The B-class area, in my opinion, should offer a cap rate of around 8-10%—once again, net, after you take all of your costs into consideration. These neighborhoods usually consist of a mix of 50 percent investor-owned properties and 50 percent owner-occupied properties. The areas would also be very well kept, with few distressed homes and fairly low crime rates. I would like to refer to these areas as nothing sexy, nothing flashy, but very fundamental, full of blue collar working people. Here in Ohio, I live in one of these B-class areas. They tend to also be in close proximity to infrastructure, amenities, and good school districts. Ultimately, B-class areas represent a very solid asset class.

C-Class Properties

Last but not least would be the C-class area, which is predominantly investor-owned, with few owner-occupied properties. The crime rates are usually higher, with older homes, worse school districts, and no amenities within close proximity. Now, what a C-class area can get you as an ROI is beyond me. In my opinion, these areas tend to be very volatile. They tend to have 12, 15, or 18% net cap rates—but honestly, I think those are just paper figures. I don’t see you achieving those returns in real life. It might happen, but every year would be different. I also don’t see any potential for appreciation there. You are pretty much just buying for cash flow—if you manage to get that desired cash flow.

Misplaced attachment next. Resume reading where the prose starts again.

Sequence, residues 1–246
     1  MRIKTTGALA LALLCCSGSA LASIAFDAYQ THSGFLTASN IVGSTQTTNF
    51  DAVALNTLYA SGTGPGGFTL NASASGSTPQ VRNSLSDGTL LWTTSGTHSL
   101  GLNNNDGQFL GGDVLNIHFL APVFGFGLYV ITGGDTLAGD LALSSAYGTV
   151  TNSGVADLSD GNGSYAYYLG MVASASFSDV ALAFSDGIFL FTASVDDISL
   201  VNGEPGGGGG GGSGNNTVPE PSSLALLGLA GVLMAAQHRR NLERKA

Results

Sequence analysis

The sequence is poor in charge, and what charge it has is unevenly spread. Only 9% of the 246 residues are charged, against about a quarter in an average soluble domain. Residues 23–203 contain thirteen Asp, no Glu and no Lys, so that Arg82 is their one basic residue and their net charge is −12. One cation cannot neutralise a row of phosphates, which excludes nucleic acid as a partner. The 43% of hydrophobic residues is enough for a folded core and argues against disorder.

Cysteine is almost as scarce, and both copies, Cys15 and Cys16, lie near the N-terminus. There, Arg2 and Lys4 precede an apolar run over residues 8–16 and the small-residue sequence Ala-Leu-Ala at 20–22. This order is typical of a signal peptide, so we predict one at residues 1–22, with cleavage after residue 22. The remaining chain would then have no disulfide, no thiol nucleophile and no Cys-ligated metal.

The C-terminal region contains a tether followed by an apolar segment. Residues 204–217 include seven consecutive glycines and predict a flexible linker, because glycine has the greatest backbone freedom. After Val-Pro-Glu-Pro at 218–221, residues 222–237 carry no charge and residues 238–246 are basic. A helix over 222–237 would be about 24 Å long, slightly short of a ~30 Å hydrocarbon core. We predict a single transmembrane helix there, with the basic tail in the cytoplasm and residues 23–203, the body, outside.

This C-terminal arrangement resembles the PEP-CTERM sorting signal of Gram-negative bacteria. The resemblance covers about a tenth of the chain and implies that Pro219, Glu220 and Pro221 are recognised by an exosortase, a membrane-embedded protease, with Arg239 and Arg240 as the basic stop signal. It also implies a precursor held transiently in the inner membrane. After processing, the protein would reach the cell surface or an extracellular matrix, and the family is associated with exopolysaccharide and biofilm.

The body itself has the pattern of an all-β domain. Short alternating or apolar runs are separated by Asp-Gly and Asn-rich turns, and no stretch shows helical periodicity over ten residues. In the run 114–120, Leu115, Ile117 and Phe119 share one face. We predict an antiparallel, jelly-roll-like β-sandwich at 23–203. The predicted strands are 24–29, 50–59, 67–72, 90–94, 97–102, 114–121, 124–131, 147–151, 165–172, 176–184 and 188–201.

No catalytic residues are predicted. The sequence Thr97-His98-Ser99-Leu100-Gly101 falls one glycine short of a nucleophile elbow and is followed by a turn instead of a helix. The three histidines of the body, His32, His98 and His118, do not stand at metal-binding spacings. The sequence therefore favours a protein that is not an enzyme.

Related: Why the Vast Majority of Investors Should Stay Far, Far Away From D-Class Properties

What Asset Class Should You Invest in?